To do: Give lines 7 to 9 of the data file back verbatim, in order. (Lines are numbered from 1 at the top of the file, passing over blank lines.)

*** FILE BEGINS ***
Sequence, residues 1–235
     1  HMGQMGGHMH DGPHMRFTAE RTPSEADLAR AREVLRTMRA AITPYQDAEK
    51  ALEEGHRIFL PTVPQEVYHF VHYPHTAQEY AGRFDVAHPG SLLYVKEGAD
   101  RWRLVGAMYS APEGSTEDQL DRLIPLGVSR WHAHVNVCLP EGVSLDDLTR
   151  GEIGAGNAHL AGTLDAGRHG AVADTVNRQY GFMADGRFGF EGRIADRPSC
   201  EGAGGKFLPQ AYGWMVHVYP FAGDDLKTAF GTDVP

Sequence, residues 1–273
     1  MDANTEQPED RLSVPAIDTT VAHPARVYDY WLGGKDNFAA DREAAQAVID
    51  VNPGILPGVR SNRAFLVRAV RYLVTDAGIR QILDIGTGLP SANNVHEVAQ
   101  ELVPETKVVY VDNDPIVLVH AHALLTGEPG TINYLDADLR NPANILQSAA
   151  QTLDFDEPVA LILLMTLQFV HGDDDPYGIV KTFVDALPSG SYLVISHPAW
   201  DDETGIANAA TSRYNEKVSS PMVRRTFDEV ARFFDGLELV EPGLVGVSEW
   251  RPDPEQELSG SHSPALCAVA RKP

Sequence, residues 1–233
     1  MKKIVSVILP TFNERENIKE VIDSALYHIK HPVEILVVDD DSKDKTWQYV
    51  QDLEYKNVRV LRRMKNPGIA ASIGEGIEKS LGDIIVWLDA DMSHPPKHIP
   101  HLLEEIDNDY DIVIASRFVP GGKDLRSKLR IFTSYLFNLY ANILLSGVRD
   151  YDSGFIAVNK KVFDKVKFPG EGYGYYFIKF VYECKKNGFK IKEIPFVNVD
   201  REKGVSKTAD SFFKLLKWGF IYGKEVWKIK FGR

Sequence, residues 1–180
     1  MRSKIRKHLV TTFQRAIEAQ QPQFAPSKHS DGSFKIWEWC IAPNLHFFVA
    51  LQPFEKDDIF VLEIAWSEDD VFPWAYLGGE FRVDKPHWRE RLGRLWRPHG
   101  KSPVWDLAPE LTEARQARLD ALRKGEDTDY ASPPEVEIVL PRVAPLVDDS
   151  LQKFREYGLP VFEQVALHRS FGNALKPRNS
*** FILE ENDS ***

Sequence, residues 1–273
     1  MDANTEQPED RLSVPAIDTT VAHPARVYDY WLGGKDNFAA DREAAQAVID
    51  VNPGILPGVR SNRAFLVRAV RYLVTDAGIR QILDIGTGLP SANNVHEVAQ